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CTS Listens and Learns with Church Planters

FAll 2005
[original publication]

Leadership in church plant settings requires deep conviction, passion, and vision. But church-planting leaders today point out that articulating the vision is usually not as challenging as finding the convergence of that vision, with this pastor, with this group and its particular gifts, in this community, at this time.

This was just one insight gained from a recent consultation Calvin Theological Seminary (CTS) hosted to listen to church planters from Alberta, California, Colorado, Illinois, Massachusetts, Michigan, Nevada, New Jersey, and Ontario. The purpose of the conversation was for professors at CTS to learn more about the thrills and challenges of church planting in order to enhance the seminary's education for people who are headed for that type of ministry, and to help sustain them through lifelong learning opportunities.

The two-day conversation covered many topics, and especially focused on the challenge of presenting the gospel in its entirety, in a language and context that people will understand. That's what keeps church planters up at night. Their desire is for people to hear the whole truth about the gospel, yet they have to do it in a way that people can understand.

CTS is committed to this age-old mission principle and learned much about how to apply that principle to contemporary church planting. The Center for Excellence in Preaching is making efforts to help church planters apply this principle in their particular settings. In March 2005, it sponsored a preaching workshop on computer-based exegesis for church planters in the Sacramento area, and is ready to offer the workshop in more locations. The Center is also supporting a peer learning group of church planters in the Calgary area as they meet together to discuss the relationship between preaching and culture; this group has had conversations with Duane Kelderman and Neal Plantinga of CTS, and Richard Mouw of Fuller TheologicalSeminary. Another group of church planters from sites around Michigan is meeting at CTS once a month for lunchtime discussions on how to use the Heidelberg Catechism in preaching to and reaching out to postmodern seekers; Stan Mast, pastor of LaGrave Avenue CRC in Grand Rapids, leads this group.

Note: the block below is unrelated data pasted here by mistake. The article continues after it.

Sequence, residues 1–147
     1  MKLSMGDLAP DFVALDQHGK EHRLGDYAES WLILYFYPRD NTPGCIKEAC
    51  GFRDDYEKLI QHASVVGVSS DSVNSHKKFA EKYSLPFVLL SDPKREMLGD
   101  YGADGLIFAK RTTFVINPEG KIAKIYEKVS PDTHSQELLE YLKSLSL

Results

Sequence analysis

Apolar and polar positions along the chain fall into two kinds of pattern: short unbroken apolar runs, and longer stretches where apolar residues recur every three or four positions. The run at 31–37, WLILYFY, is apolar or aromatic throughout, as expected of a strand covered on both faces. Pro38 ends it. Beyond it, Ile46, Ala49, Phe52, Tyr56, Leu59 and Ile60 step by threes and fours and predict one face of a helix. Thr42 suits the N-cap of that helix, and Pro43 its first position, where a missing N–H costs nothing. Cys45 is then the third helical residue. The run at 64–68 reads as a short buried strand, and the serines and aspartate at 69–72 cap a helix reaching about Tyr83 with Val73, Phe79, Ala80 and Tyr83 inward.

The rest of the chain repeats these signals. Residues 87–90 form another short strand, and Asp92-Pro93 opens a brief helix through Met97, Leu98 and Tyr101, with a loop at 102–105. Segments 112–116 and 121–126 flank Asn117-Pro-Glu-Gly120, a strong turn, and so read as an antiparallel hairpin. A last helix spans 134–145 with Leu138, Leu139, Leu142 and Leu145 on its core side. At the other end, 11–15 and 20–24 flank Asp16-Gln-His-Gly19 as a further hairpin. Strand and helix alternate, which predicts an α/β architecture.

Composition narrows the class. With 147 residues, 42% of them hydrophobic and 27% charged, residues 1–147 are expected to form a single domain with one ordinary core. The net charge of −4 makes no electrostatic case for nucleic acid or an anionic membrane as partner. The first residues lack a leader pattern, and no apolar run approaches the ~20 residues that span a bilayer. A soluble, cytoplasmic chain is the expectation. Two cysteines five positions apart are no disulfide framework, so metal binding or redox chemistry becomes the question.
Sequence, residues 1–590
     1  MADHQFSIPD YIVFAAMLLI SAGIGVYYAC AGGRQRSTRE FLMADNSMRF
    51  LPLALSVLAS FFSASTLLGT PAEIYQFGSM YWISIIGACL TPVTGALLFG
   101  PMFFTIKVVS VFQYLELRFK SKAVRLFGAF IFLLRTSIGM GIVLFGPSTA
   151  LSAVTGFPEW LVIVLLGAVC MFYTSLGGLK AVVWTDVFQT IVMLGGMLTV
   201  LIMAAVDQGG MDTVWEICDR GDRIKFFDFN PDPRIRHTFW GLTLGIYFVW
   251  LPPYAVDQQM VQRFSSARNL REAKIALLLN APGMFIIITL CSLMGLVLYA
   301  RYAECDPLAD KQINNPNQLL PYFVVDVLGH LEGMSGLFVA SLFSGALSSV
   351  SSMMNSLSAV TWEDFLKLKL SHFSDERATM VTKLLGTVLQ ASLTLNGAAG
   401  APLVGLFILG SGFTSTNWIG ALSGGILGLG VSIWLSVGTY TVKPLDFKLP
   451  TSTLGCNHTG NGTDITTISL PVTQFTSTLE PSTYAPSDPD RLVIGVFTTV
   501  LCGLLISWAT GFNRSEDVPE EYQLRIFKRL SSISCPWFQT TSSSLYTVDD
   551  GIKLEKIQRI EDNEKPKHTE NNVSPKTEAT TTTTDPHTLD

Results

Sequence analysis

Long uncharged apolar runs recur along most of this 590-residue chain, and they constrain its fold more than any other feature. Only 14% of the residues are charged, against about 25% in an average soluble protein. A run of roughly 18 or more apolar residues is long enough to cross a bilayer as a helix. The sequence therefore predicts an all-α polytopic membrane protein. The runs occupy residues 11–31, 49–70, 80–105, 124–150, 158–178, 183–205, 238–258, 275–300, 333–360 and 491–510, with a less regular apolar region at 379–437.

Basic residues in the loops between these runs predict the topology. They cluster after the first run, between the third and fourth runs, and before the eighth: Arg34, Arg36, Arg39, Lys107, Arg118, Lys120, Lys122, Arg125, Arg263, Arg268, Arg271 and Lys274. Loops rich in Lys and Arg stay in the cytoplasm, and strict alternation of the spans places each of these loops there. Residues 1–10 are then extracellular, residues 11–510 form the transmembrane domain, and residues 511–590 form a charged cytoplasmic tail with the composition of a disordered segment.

CTS hopes to increase its connections with church planters in the future—through regular invitations to church planters to attend continuing education events (either at the seminary or in their own settings), to speak to students at our mission emphasis week, and to provide learning sites and mentors for students in the formation for ministry process. We hope the conversation will continue so we can listen and learn together about forming pastors for this important ministry.